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School Cancels 8th Grader’s Faith-Based Graduation Speech

An Illinois eighth grader was barred from making a speech at his school commencement ceremonies, despite earning the title of Salutatorian and being invited to speak.

Problems arose when officials at Akin Grade School reviewed the student’s speech, which included both a prayer and Bible verse. Student Seth Clark submitted his speech to school officials, but was told that he could not deliver the speech as written because of the faith-based nature of his remarks.

A local television station, WSIL, covered the controversy in May after news spread that Clark would be banned from giving his speech.

Even though Clark is a minor, wrote his own speech and would not be speaking for the school, the district banned him from giving his speech at graduation. Clark earned the opportunity by working hard and maintaining top grades, but the school objected to the religious content of his submitted speech and refused to let him speak to his fellow students, assembled parents and guests.

The Akin School District Weighs In

Why did Akin School District prohibit Clark from speaking? According to school principal and superintendent Kelly Clark:

“As a public school, it is our duty to educate students, regardless of how different they or their beliefs may be. While students are welcome to pray or pursue their faith without disrupting school or infringing upon the rights of others, the United States Constitution prohibits the school district from incorporating such activities as part of school-sponsored events, and when the context causes a captive audience to listen or compels other students to participate.”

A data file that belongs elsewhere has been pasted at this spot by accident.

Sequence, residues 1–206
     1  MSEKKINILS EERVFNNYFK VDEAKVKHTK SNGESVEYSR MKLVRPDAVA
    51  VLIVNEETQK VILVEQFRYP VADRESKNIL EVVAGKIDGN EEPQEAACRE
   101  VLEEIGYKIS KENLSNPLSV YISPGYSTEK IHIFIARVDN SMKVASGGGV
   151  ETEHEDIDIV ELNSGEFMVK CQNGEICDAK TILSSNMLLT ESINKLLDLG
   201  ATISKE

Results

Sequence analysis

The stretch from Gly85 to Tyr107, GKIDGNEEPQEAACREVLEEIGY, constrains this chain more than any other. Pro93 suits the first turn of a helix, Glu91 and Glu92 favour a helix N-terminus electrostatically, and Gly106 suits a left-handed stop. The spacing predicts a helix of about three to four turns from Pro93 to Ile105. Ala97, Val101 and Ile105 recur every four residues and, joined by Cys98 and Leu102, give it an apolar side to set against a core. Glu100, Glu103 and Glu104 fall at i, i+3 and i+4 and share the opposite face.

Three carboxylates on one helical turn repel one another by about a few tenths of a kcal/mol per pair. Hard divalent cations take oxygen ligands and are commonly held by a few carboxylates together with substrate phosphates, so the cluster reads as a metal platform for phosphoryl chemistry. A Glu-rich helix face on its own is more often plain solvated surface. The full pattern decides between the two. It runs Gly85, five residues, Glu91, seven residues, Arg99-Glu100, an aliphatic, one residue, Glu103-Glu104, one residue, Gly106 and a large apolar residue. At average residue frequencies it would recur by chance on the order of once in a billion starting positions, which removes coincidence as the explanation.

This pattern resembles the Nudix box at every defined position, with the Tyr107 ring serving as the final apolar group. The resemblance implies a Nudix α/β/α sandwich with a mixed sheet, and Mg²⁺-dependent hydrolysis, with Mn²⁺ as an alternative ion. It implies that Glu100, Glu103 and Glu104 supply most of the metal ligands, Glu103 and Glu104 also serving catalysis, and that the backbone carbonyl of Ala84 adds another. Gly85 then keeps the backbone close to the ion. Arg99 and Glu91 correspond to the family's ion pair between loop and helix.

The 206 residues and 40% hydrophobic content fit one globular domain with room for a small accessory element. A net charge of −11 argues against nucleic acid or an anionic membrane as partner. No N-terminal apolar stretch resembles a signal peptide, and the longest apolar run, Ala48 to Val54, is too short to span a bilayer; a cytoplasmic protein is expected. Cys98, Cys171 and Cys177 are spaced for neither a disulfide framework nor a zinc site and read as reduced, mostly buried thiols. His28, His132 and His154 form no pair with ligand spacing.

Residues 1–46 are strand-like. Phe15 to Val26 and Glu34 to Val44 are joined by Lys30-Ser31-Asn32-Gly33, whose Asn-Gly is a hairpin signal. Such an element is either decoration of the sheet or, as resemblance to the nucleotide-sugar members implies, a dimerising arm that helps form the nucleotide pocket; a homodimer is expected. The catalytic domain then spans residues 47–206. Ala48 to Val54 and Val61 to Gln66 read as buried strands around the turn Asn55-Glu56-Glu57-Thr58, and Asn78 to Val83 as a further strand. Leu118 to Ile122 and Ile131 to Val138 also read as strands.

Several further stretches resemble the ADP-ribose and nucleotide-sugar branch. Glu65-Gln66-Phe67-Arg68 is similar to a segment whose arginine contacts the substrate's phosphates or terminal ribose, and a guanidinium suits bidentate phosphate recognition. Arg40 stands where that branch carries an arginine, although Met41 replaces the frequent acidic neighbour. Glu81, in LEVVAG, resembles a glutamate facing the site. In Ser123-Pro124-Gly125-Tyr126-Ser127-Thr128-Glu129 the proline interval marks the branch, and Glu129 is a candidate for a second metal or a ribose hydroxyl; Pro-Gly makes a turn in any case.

The school principal went on to state that because graduation was a school event, that student’s speeches could be seen as official statements, not free speech by the graduate.

“Because graduation is an official, school-sponsored event, the law would prohibit incorporating prayer or worship into the schedule of events,” the principal added. “We respect the diverse beliefs our students and their families hold, and we strive to educate all such students in compliance with the law.”

While this seems to be a plausible excuse, the student was not speaking on behalf of the school and was not a school employee; he was simply sharing his opinion, beliefs and thoughts, just as valedictorians and salutatorians have been doing at commencement ceremonies for decades.

A teacher could be barred from giving this type of speech, but infringing on the rights of a student is going too far, according to J. Tobin Grant, chairman of the political science department at Southern Illinois University.
 
“When you have a student initiated speech like this, there should’ve been no problem having the student have really any opinion that he wants,” Grant said in an interview with local media. “The key thing, as far as the school is concerned, is that they can’t be involved in anything that is religious. They can’t have a prayer. They can’t have students read a passage from any religious scripture or the Bible.”

A Neighborhood Hero Steps In

When news spread that Clark would not be permitted to give his speech, despite earning the right to do so, a family friend stepped in.

Rickey Karroll lives just across the street from the Akin Grade school. When he realized what was happening, he offered his yard to Clark so he could give his speech.

When the graduation ceremony ended, Seth Clark, his family and many others headed across the street to Karroll’s home. There, Clark delivered his speech still robed in his cap and gown. Clark began with a prayer of Thanksgiving, and included Bible quotes about forgiveness.

“I would like to apologize to all of you that I have hurt at any time in any way,” the student said. “I am not perfect, but as found in 1 Peter 1:16, ‘Be holy as I am holy.’”

When asked about offering his lawn to Seth Clark, neighbor Rickey Karroll cited the student’s free speech rights.

“I think he has a right … to give his opinion, and he wanted to do a prayer, and last count I checked, we are still in the United States of America, and it’s the right to freedom of speech.”  Karroll said.

~ 1776 Christian

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